Nine guys who have raised puttering in the garage to an art form.
- By Matthew Stibbe
- Air & Space magazine, July 2003
JOYSTICK AND KEYBOARD HAVE NEVER BEEN ENOUGH. Your fantasies include a yoke, rudder pedals, a G-suit, and lots of cool knobs and buttons. You want to strap into an ejection seat (not your desk chair), tap the artificial horizon (just to see that it’s not stuck), and bank into cloud-studded turns (rather than the wall calendar). You’re a closet sim geek. here are your heroes.
Brian McKenzie remembers the day 13 years ago when he decided to build his own simulator. “I took a trip on a real F-18 sim when I was in the Royal Australian Air Force and it inspired me. Why should pilots have all the fun?” With the help of library books and the Internet—he wasn’t allowed to take photographs when in the service—McKenzie was able to build one of his own. It runs on a network of four computers and uses Microsoft’s Flight Simulator 2002 and a host of specialized add-on programs.
The faux Hornet’s sheet metal-on-wood fuselage is topped with a fiberglass canopy. His ejection seat—an exact replica of a Martin-Baker SJU-9—was fabricated from plywood, and though McKenzie’s work is spectacular to look at, it’s equally capable of impressing other senses. Two monster subwoofers under the seat generate noise and vibration, and a flightsuit donated by a visiting U.S. Air Force officer completes the illusion; an air bladder under the seat cushion inflates to push the pilot against the straps if he pulls negative Gs.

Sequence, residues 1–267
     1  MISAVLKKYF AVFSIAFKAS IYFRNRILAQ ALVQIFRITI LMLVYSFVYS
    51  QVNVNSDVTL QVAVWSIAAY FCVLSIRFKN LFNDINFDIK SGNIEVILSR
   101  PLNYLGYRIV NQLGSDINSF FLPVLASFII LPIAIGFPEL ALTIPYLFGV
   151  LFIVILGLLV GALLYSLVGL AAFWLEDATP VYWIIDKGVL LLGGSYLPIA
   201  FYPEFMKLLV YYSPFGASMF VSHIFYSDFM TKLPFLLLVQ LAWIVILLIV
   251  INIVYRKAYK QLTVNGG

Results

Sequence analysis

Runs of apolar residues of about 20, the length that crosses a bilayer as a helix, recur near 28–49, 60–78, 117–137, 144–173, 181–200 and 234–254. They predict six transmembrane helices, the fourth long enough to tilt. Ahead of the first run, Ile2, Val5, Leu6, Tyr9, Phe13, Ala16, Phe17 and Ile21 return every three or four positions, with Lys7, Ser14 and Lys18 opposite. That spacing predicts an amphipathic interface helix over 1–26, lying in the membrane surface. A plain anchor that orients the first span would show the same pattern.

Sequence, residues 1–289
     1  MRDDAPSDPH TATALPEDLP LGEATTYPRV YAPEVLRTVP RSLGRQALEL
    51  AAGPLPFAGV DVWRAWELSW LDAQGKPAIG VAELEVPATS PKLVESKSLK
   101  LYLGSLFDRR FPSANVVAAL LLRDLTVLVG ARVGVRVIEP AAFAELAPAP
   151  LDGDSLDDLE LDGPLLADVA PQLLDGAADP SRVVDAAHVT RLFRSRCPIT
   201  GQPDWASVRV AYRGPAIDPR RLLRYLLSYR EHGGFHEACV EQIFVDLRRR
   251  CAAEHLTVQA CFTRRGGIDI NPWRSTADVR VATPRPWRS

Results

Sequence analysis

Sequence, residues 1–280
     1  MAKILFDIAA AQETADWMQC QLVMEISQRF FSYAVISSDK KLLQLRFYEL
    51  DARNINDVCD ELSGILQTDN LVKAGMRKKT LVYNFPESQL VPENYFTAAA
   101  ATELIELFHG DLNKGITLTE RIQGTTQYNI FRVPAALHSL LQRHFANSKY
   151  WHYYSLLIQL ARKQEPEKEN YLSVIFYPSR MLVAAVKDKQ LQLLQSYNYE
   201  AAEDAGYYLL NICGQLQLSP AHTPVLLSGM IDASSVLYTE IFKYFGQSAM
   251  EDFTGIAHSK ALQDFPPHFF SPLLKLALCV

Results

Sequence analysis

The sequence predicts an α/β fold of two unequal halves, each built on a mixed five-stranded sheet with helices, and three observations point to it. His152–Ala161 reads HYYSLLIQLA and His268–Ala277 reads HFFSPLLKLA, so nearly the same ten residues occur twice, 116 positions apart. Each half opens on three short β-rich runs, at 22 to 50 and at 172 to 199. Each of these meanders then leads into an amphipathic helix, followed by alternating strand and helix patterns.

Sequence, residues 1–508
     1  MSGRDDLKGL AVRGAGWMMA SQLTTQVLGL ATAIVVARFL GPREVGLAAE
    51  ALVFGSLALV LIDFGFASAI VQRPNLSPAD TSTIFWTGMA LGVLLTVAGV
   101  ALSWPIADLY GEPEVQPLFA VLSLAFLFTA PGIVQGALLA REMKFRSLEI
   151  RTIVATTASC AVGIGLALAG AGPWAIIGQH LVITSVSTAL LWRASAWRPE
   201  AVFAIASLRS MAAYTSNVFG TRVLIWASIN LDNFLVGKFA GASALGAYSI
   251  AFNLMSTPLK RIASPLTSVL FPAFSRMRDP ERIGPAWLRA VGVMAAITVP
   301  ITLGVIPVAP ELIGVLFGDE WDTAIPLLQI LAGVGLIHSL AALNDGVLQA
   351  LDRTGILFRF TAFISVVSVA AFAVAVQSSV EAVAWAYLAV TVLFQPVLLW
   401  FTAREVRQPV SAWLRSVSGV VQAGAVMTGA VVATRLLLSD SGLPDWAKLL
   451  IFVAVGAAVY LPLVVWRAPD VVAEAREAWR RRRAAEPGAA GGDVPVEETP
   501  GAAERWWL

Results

McKenzie purchased the sim’s instruments on eBay—a move that raised suspicion among Australian authorities; his Mullumbimby, New South Wales home was raided by customs officials and police who feared he was importing weapons. After hours of searching and a round of interviews, an inspector called to say, “Great simulator.” members.optusnet.com.au/~brianmac18
Widebody on Wheels
Adelaide’s John Dunkley has transformed an Aussie-model Ford Falcon XF chassis into a three-quarter-scale replica of a 747 cockpit. After four years of construction, he’s ready to take the next step—mounting it on a hydraulic platform that will simulate pitch, yaw, and roll.
Dunkley has long been fascinated with Boeing jumbo jets—the license plate on his family’s car reads “747-400.” “Prior to 9/11, I got a ride in the cockpit on every flight I took,” he recalls. “I produced a booklet about what I was doing and I’d hand it to the chief purser. My sim was my ticket to the flight deck.”
Dunkley admits that his mock 747 isn’t quite on par with the real thing, but that doesn’t stop him from feeling as if he’s really in the jetliner’s left seat, flying to real destinations. “Hong Kong Kai Tak Airport is really my favorite,” he says. “I like to do a full [Instrument Flight Rules] departure and an instrument approach at night. It’s a thrill every time, even though I’ve done it hundreds of times.”